I'm reminded of when cd's came along and some people suggested that some of the cd fanatics seemed more interested in a good signal to noise ratio than what the music actually sounded like.


Stuff like art and the craft of things is already more on the back burner. I also think that more of the craft will move into post. Could say a lot more about all this but I've seen a lot of this stuff happening already. It's already there, expect a LOT more of the same!


Of course its not surprising this has happened, for years Fuji saw motion picture as a prestige department - they make most their money from the materials used for LED TVs. They only had 30% of the market so obviously as the market was squeezed they would be the first to go. Had Kodak not been so famously in trouble we would have seen that all along. Kodak also has the loyalty of the big studios and some major contracts securing them for the next half a decade.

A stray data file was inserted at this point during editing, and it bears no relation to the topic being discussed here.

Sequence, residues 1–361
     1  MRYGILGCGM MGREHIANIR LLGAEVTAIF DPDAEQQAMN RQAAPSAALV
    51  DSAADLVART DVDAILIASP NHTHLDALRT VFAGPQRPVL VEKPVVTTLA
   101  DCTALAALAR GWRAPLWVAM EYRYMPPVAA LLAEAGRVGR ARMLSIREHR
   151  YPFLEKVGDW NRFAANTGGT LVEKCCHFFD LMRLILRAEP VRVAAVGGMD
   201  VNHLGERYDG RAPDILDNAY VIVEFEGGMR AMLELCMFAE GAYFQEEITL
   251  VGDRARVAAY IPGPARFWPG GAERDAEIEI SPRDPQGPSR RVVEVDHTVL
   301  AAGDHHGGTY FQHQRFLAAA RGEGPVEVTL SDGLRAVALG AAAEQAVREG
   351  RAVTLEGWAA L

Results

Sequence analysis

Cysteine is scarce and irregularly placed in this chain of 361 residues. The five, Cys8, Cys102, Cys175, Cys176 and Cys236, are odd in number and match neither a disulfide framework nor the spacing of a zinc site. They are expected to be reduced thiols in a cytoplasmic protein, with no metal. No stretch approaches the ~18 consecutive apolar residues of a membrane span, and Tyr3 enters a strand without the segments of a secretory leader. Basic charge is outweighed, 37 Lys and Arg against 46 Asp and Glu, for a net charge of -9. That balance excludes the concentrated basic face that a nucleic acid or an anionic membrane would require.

I also think that Fuji was probably bigger in the UK and had more of a dependancy on the TV industry which is mandating "No More Film" which is leading to a huge and sudden collapse in sales. This may have been a temporary thing but the people at Fuji will only see the numbers.





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I am very upset about Jerry and the rest of the very small team in Soho Square . They couldnt have been better of supporting Fuji just the best. Kodak should have been so good but never have been . Maybe as far as i am concerned Kodak just dont have such great motion picture products.